Since transformational leaders identify and articulate organizational visions; provide an appropriate model; emphasize group goals; expect high performance of their employees; express concern about followers' individual needs and feelings; and intellectually stimulate employees to be innovative, we could expect that employees who work with transformational leaders would perform better (Podsakoff et al., 1990).

    There are numerous studies confirming that transformational leadership is directly or indirectly positively related to employee performance (e.g., Bass and Riggio, 2006; Belle, 2014; Kovjanic, Schuh and Jonas, 2013; Grant, 2012; Walumbwa, Avolio and Zhu, 2008; Walumbwa and Hartnell, 2011). For the direct relationship, Bass et al. (2003) found that transformational leadership in military organizations is positively related to soldiers' performance. Similarly, Thamrin (2012) confirmed that transformational leadership has a positive and significant influence on employee performance in Indonesia. Piccolo and Colquitt (2006) and Tsai, Chen and Cheng (2009) found that transformational leadership is directly related to employee task performance. Caillier (2014) suggested that transformational leadership has a direct influence on employee evaluations. After conducting a meta-analytic research of 25 years of literature on transformational leadership and performance, Wang et al. (2011) concluded that transformational leadership is positively related to followers' general job performance and overall team performance, as well as followers' task-related and creative performance.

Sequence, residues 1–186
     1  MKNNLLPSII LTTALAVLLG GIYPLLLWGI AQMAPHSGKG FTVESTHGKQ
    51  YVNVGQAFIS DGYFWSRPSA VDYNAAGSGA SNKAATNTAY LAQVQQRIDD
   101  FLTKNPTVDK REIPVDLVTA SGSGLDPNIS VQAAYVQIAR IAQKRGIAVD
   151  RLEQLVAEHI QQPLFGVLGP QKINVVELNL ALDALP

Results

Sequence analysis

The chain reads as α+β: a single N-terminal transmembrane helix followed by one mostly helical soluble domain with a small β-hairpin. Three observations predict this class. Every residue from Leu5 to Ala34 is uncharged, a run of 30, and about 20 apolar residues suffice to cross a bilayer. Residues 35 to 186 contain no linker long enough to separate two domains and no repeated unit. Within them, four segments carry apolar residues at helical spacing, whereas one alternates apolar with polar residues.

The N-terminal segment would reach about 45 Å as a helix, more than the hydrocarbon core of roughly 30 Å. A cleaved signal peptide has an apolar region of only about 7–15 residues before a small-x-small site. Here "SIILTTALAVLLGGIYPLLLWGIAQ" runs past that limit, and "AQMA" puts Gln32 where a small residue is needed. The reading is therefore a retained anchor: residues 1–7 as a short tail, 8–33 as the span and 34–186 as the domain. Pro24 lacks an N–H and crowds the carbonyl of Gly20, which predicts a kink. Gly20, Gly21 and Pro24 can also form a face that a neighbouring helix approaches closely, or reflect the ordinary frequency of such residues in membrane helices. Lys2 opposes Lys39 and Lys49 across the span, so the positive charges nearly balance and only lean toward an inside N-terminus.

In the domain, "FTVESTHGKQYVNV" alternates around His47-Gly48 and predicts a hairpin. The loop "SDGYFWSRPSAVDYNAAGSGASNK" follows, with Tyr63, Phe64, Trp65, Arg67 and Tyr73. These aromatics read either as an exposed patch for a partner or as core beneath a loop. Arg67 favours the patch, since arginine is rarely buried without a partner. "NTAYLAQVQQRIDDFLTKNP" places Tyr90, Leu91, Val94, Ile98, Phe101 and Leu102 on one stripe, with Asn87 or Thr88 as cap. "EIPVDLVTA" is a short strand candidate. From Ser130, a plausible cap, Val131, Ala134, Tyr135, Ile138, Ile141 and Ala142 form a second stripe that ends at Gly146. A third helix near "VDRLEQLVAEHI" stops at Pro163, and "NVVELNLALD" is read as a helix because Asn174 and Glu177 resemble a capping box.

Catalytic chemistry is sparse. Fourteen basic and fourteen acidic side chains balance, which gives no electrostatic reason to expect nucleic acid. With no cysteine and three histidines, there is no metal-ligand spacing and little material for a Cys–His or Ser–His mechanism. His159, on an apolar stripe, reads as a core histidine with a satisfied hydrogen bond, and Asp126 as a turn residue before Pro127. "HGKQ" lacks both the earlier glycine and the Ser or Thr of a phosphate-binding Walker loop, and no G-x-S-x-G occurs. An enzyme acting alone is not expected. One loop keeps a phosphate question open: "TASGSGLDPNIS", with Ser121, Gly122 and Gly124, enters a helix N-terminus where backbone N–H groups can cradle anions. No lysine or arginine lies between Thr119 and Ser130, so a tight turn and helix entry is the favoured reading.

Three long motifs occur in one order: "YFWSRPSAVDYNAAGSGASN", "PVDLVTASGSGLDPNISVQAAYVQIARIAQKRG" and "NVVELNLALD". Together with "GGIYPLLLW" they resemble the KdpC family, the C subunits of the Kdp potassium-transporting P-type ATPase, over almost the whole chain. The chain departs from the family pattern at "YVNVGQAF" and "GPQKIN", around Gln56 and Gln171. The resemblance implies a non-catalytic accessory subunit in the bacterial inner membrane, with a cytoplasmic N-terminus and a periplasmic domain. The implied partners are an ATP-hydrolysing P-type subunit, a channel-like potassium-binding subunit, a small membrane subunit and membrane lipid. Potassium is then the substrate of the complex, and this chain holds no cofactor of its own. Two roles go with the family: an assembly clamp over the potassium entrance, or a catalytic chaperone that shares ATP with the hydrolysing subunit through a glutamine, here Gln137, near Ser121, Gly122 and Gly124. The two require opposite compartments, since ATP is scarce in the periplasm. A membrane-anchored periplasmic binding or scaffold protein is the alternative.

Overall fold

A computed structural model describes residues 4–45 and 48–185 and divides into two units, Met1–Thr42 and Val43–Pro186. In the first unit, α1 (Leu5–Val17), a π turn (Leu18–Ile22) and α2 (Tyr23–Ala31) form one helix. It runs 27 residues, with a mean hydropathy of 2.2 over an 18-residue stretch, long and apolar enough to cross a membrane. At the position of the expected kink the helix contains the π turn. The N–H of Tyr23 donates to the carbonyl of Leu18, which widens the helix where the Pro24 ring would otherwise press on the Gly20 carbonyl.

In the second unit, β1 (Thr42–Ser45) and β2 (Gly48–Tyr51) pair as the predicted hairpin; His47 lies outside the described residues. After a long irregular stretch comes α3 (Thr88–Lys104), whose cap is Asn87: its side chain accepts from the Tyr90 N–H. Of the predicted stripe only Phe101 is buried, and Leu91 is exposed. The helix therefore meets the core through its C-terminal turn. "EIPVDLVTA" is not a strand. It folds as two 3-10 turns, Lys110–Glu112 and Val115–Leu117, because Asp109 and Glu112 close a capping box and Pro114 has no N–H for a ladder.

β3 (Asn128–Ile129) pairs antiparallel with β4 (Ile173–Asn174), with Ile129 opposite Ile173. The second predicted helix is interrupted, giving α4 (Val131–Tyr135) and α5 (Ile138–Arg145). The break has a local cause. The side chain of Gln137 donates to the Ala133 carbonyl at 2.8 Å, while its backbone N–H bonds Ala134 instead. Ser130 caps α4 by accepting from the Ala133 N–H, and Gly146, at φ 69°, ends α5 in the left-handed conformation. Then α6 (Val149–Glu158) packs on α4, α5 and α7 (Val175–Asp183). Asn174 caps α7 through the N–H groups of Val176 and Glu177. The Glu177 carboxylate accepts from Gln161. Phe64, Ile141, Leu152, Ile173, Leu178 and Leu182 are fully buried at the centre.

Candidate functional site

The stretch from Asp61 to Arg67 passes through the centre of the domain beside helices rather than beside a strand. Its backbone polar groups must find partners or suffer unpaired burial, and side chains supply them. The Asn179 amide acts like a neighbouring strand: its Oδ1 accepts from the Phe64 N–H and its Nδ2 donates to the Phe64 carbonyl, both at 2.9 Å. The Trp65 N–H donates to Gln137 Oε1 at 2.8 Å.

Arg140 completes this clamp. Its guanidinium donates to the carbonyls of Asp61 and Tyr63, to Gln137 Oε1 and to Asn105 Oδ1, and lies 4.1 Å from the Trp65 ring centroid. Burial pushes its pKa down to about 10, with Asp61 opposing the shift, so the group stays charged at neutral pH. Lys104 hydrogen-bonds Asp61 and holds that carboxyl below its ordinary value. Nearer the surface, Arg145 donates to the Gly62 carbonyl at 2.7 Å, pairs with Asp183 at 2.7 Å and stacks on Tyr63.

For the indirect relationship, mission valence (Callier, 2014), beneficiary contact, and self-persuasion (Belle, 2014) strengthen the relationship between transformational leaders and employee performance. The quality of the relationship between leaders and followers (Carter et al., 2013); relational identification (Walumbwa and Hartnell, 2011); level of potency and cohesion of units (Bass et al., 2003); interaction of identification and means efficacy (Walumbwa, Avolilo and Zhu, 2008); and competence and relatedness need satisfaction (Kovjanic, Schuh and Jonas, 2013) mediated the relationship between transformational leadership and employee performance.